If a quorum of the public don't talk about what sensible regulation would look like ahead of time, you can expect insensible regulation instead. You can see this playing out in the 5-eyes backdoor "ultimatums" being made now or the Net Neutrality vs undermined corpo-controlled internet debates; these major changes are in the pipe NOW and are being decided NOW, and we may notice that we'll likely be stuck with them indefinitely. We need to get the debate out ahead of that as our technological mitigations are provably no longer sufficient, and it's a far too dangerous world to leave on this thoughtless track of under-regulation and overreach at once.

To all the people who say "regulation never solved anything" or those types of libertarian arguments, I'd say that backwards-illustrates the point directly - if you DON'T design these details into regulation up front, you WILL be stuck with something you don't want. That's inevitably true as we've seen. The only way we have to influence or defend ourselves from bad precedents writ in law is to regulate and codify rights of the public ahead of attempts to restrict or sell them off to corporate lobbying campaigns. The reason we have seatbelts and potable water is because we have regulations. Sure, governments can and do overreach. How will we even be able to call them out on that if we don't as a global community decide which rights are inviolable first?

Fearing government is not a good enough excuse for failure to to regulate sufficiently.

echoSeptember 4, 2018 4:57 PM

Given the UK state only pays lip service to professionalism and duties of care and public policy below the level of statute is usually the codification of ignorance and discriminations and habits and lack of skill and understanding I have given up expecting "justice" in the UK. One tiny mistake, one fault, one exploit, one loophole can lead to a whole life ecnompassing disaster. This is all the pwoer crazed and criminals and abusers need.

What I am saying is exactly the same as Bruce and Clive. The problem is the job titles and media and financiers are too compromised and dishonest and too close to the problem to solve anything.

@Clive

Rights only exist for those who can and do fight for them.

I am afraid this is the truth along with everything else you said.

@Hmm

f a quorum of the public don't talk about what sensible regulation would look like ahead of time, you can expect insensible regulation instead. [...] To all the people who say "regulation never solved anything" or those types of libertarian arguments, I'd say that backwards-illustrates the point directly - if you DON'T design these details into regulation up front, you WILL be stuck with something you don't want.

This too.

I have tried to break my story and had to turn down 2-3 newspapers already. This month I was offered a documentary by a media company. The problem is this won't be a serious Snowden style documentary or serious investigative journalism but a patronising lurid tabloid fantasy where I'm just the Stormy Daniels style eyecandy. I'm not leaping at the offer.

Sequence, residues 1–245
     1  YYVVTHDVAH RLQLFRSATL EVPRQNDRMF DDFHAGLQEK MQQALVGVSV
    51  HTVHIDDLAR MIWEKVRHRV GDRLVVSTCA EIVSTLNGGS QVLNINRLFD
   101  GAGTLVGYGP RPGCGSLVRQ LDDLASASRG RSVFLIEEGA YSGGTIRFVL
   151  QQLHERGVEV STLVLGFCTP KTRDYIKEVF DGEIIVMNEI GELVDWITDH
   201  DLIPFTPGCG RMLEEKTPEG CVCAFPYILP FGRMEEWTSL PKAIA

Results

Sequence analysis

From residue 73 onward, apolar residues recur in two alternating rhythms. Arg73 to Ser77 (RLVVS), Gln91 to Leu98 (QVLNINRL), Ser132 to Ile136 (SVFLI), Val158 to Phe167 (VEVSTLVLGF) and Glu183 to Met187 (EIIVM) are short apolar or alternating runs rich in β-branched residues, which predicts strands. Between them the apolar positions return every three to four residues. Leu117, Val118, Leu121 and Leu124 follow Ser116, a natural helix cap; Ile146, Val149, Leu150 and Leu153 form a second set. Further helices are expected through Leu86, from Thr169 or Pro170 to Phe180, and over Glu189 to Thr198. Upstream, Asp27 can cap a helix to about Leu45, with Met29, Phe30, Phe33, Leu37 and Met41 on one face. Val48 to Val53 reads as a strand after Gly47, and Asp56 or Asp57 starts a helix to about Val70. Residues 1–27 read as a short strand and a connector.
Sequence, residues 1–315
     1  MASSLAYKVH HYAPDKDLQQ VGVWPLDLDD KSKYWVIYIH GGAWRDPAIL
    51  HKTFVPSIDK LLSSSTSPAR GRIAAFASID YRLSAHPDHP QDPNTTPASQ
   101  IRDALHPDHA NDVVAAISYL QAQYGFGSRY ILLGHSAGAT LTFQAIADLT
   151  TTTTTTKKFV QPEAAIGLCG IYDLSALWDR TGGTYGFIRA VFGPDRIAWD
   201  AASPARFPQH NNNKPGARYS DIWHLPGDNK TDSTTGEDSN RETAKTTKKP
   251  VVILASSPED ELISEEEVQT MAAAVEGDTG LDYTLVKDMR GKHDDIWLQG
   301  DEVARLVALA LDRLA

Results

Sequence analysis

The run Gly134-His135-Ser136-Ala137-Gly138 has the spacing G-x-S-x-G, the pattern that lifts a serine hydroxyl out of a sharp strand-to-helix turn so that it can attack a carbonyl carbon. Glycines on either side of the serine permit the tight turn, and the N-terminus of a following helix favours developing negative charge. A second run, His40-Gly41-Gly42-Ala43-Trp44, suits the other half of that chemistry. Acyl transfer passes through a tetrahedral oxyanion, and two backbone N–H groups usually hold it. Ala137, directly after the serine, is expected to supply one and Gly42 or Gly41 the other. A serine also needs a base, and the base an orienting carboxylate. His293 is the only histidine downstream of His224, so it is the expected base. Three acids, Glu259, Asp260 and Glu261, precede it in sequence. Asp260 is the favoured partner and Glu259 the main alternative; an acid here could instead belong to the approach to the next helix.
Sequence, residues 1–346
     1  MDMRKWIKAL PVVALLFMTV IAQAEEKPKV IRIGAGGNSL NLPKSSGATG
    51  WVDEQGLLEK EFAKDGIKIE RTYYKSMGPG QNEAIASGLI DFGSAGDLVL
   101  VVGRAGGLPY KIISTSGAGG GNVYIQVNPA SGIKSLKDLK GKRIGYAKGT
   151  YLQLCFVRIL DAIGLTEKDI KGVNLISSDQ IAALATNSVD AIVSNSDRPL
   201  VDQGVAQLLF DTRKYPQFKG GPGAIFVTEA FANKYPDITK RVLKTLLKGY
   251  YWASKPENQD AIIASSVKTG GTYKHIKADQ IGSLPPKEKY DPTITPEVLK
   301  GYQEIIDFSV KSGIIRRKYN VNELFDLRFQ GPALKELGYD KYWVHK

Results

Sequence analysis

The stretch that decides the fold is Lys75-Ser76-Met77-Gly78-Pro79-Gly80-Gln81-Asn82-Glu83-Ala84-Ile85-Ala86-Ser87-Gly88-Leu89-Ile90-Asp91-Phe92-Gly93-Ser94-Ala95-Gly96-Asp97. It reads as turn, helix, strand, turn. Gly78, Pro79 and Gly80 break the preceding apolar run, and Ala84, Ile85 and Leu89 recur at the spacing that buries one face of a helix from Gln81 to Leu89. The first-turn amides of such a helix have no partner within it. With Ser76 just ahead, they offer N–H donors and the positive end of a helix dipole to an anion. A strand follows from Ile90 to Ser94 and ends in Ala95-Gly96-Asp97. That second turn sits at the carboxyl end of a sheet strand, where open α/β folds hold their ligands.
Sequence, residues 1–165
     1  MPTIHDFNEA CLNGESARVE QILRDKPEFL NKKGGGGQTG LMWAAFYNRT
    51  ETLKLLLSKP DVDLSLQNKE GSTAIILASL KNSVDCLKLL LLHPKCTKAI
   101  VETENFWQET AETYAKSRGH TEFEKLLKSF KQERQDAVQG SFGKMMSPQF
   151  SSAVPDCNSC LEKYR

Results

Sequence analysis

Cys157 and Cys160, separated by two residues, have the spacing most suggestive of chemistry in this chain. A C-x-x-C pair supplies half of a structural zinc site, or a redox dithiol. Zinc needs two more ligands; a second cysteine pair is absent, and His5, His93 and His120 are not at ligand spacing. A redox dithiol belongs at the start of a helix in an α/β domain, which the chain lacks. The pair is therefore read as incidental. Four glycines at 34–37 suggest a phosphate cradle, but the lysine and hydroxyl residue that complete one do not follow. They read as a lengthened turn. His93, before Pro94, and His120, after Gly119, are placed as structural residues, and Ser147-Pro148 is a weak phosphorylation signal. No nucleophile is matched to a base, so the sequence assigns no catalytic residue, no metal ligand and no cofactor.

HmmSeptember 4, 2018 5:25 PM

"a patronising lurid tabloid fantasy where I'm just the Stormy Daniels style eyecandy."

Remember, no such thing as bad PR... and if you want to sell publications, well.. :p

*(She also had an undeniable hand in a pending regime change. I think her stock went UP!)

ErikSeptember 4, 2018 6:11 PM

A regulation-free Internet? If only we knew what one looked like. Around here at home, like most Americans, I have my government-apportioned carrier duopoly. Sure, I have other choices as long as I'm willing to pay $$$$$ for a private loop back to a POP. But if another carrier wanted to run fiber or coax to my neighborhood? Sorry, that's against the law, written by the same class of Wise Overlords who would be writing any other Internet regulations. We're stuck with a "two (almost identical) sizes fits all" approach for bandwidth offerings, traffic filtering, etc.

Financial security problems? From the same people who gave all of us a nine-digit number, outlawed its use for anything other than government benefits, and then just let that bleed out into dead letter. What could possibly go wrong? Government regulation are enforced when it's profitable for the government and its sponsors to do so, except when they throw out a little bone here and there to quell some outrage - and even then the bone is almost always some sort of scam. Like the post-2008 financial regulations that were supposed to limit the power and danger of Wall Street megabanks and instead wound up eliminating almost all of their smaller competition, followed by running us straight up into another credit bubble. "Whoopsie. Guess we slipped up there. Sorry, I can't hear your complaints over the cash-register-till sounds my campaign contribution stats are making."

Better router and IoT security? From the people who can't even bother to plan to secure their own networks, let alone actually implement it? I mean, I know they have regulations requiring them to make plans to figure out better ways to regulate their IT security planning and then expend gigatons of additional CO2 and hot air with endless lip service. Oh wait... actually doing something useful? We're the government. You must be new here. Wasn't there an article out the other month about how the NSA - the one agency you would think would actually move on this stuff - hadn't actually implemented their post-Snowden security upgrade recommendations? Guess they're too busy ginning up new "evidence" to start another war. Gotta keep the important people (defense contractors) fed!